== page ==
The feast after the fast

This evening begins the Muslim month of Ramadan.  It’s a season of fasting during daylight hours, sharing pre-dawn and post-dusk meals with family and friends, spiritual reflection, and giving donations for the poor.  There are nearly 2,000,000,000 (two billion) Muslims in the world, about ¼ of humanity.  Columbus’ large Somali population are among those observing Ramadan locally. 

Because the Islamic calendar is based on the moon, Ramadan floats around the seasons.

In 2000 Ramadan happened in December.  It coincided with a semester of study in the Middle East during my senior year of college.  We were based mostly in Cairo, Egypt, but concluded our time visiting different countries, ending in Turkey. 

I have a distinct memory of a homestay there where the household was observing Ramadan.  The supper table had been set for the family and us, their guests.  Food was steaming and the smells wafted through the house as the daylight started to fade.  But the public signal hadn’t yet been given for the day’s fast to be broken.  We quietly sat around the table together, unable to communicate much through the language barrier, simply waiting.  When the signal sounded throughout the city, our host father gave an audible sigh of relief as he beckoned us all to dig in.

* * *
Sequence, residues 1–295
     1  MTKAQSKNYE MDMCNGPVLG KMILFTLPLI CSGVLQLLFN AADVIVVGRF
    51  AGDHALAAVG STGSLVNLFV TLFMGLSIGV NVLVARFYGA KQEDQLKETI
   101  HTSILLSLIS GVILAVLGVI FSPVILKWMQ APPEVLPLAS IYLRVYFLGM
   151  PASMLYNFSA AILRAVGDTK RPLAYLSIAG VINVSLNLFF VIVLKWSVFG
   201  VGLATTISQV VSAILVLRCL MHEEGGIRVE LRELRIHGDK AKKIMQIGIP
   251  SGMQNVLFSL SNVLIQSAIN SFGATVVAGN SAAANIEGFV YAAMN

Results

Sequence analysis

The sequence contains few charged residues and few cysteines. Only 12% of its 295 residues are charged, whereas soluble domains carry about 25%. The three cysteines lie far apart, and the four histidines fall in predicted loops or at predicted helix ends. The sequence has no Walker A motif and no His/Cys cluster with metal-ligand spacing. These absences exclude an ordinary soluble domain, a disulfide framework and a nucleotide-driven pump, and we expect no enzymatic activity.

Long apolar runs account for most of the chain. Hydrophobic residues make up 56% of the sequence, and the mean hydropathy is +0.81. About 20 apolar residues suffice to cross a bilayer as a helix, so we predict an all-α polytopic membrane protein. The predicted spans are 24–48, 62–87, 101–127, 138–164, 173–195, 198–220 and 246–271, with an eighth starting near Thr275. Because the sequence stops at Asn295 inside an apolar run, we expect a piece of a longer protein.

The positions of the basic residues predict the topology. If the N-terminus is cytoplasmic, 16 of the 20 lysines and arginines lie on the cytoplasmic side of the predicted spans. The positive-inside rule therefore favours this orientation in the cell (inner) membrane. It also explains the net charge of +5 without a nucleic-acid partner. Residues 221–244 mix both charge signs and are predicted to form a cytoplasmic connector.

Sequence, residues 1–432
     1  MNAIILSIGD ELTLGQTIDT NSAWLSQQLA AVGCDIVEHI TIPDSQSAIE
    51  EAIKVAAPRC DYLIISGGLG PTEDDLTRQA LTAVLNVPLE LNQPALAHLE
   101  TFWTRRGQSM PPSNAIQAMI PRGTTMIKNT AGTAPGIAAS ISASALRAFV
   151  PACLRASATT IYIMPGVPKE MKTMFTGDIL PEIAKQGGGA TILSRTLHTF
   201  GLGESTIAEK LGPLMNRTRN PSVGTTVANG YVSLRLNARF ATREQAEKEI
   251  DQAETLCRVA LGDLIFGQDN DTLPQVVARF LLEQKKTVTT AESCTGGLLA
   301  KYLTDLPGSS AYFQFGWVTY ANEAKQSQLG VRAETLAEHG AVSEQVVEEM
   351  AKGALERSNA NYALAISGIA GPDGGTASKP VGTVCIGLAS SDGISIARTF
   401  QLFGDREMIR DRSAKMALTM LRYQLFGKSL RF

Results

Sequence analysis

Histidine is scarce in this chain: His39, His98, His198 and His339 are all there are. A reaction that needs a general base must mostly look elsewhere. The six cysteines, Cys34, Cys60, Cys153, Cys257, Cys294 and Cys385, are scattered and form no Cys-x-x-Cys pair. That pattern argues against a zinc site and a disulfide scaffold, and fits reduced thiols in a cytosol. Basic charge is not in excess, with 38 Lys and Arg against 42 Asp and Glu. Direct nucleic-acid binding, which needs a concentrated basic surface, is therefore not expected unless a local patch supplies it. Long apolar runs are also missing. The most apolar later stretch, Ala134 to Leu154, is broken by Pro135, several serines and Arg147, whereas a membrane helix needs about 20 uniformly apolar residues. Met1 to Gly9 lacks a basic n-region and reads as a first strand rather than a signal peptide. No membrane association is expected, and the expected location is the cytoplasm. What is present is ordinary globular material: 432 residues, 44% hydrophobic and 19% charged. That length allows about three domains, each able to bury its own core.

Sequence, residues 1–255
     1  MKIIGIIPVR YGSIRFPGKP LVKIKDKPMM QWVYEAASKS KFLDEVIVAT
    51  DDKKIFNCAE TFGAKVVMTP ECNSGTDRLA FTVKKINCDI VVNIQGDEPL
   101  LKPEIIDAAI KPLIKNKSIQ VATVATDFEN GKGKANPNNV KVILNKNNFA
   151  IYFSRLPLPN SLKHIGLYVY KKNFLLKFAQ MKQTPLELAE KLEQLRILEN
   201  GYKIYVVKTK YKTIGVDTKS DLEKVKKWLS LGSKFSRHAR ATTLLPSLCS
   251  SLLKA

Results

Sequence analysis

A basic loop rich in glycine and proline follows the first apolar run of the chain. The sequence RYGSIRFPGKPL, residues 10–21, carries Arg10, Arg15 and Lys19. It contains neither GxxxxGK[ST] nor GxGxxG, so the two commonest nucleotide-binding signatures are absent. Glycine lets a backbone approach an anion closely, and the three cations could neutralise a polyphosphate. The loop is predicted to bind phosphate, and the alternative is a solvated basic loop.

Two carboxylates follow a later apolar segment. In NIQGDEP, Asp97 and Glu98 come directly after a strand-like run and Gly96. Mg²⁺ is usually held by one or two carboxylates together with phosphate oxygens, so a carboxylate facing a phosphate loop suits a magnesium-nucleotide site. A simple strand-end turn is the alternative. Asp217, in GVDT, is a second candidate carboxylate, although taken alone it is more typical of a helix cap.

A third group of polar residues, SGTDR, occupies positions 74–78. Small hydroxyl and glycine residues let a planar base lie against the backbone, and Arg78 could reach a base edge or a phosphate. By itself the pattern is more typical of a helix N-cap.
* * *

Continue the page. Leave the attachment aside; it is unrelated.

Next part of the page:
I think it was that big sigh that etched the evening into my memory.  It contained multitudes: relief, accomplishment, hunger, gratitude, the arrival of a well-prepared feast with foreign guests amidst a society-wide age-old practice.

This year the Ramadan fast coincides with the latter part of Christian Lent, also a traditional season of fasting.  Two traditions, two collective pilgrimages walk paths that are both similar and unique.